On July 7th 1936 (almost 75 years ago) Mr. Henry F Phillips received a patent for a type of screw and the accompanying screwdriver – the Phillips screw. The Phillips screw has been around for so long, and have been taken for granted for so long that I’ve never pondered about its birth – why did someone come up with a “+” shaped head to go along with the “-” shape. The only thing that went off in my mind was probably, “+” shape has four arms and somehow that makes it easier to turn and less likely to slip.
It was of course that, and more:
The Phillips-head screw and Phillips screwdriver were designed for power tools, especially power tools on assembly lines. The shallow, cruciform slot in the screw allows the tapering cruciform shape of the screwdriver to seat itself automatically when contact and rotation are achieved. That saves a second or two, and if you’ve got hundreds of screws in thousands of units (say, cars), you’re talking big time here.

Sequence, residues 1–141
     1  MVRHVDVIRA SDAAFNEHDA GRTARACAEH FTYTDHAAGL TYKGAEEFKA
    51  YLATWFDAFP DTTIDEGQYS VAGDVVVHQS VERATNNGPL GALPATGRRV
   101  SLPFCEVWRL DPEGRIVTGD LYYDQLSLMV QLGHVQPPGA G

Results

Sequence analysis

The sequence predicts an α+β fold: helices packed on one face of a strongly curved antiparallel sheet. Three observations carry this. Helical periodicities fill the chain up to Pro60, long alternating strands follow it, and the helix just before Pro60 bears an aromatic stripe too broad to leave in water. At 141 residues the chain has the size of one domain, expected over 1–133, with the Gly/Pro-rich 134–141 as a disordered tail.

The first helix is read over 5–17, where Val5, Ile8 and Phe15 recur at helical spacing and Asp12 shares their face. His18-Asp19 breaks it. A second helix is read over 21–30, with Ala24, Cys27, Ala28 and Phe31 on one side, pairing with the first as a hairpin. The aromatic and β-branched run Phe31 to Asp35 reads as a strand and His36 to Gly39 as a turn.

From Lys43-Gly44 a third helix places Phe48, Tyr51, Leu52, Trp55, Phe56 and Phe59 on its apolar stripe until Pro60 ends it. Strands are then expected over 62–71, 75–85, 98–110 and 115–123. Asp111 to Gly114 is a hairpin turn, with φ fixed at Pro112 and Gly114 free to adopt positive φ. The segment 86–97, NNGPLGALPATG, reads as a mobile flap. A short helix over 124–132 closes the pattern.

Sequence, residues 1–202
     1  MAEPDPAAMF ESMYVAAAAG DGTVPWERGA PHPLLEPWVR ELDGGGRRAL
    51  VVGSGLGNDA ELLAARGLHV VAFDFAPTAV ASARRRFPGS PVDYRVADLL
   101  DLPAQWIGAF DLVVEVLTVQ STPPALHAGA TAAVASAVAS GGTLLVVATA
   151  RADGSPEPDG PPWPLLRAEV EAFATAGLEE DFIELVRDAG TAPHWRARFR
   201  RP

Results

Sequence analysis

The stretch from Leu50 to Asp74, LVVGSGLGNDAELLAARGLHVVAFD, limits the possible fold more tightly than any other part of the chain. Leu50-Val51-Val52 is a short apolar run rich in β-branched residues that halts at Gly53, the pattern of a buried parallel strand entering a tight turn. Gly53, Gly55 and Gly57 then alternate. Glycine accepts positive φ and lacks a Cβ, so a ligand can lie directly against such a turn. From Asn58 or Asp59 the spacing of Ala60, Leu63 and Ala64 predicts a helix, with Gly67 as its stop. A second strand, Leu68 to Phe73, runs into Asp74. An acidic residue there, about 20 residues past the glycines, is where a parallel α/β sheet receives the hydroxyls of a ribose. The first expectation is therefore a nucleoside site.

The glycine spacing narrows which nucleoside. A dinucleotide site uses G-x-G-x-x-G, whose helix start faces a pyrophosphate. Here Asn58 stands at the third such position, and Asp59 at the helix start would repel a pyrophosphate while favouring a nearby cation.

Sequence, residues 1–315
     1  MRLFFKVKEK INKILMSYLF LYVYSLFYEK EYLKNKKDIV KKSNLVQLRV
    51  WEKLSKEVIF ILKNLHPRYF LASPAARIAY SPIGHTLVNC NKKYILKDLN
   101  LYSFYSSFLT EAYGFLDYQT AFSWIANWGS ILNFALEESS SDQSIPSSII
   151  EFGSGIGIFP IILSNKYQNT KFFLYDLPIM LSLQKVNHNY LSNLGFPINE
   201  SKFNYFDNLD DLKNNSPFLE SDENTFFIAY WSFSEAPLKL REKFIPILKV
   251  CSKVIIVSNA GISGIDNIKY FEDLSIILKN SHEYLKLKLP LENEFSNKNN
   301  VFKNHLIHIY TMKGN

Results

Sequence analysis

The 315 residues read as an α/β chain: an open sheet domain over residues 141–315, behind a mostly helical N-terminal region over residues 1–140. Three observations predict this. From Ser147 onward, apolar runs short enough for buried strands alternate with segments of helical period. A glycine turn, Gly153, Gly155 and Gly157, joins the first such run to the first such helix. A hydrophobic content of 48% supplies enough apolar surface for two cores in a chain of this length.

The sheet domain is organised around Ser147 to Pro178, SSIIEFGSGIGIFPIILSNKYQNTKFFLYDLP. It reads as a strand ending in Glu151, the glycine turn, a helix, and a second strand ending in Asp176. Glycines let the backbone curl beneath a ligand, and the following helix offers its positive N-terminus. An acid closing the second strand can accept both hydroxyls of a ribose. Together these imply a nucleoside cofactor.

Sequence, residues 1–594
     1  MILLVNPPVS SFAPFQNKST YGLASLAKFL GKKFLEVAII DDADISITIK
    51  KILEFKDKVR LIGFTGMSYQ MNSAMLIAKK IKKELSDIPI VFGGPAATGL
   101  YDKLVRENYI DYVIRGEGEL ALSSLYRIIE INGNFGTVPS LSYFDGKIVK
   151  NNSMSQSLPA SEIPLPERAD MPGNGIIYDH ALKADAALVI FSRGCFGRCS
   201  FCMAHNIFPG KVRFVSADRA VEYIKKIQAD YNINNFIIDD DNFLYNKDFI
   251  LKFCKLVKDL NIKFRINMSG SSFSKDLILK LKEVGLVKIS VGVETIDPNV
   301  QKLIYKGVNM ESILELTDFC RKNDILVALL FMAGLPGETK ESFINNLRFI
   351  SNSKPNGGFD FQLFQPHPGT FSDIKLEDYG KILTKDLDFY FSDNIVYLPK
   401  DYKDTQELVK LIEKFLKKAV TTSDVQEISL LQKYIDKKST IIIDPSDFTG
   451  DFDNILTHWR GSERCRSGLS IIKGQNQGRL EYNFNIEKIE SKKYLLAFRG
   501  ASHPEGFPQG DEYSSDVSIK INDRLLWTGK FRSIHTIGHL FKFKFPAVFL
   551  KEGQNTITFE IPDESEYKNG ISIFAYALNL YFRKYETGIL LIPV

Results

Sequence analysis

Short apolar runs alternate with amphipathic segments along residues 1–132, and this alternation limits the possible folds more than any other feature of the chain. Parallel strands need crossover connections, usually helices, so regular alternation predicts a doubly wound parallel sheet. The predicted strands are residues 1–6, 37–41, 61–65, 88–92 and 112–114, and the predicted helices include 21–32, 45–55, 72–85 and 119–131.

And not only does a power Phillips driver get engaged fast, it stays engaged and doesn’t tend to slide out of the screw from centrifugal force. Another advantage: It’s hard to overscrew with a power tool. The screwdriver will likely just pop out when the screw is completely fastened.
Ah! That additional bit of engineering, design and thoughtfulness that almost everyone have taken for granted – and I suppose, that’s why it became such a popular fastener.
That said, consumer electronics do seem to increasingly treat screws with disdain – it is now seen more as a blot in the aesthetics, if you will. Could the screw ever one day disappear from manufactured products altogether?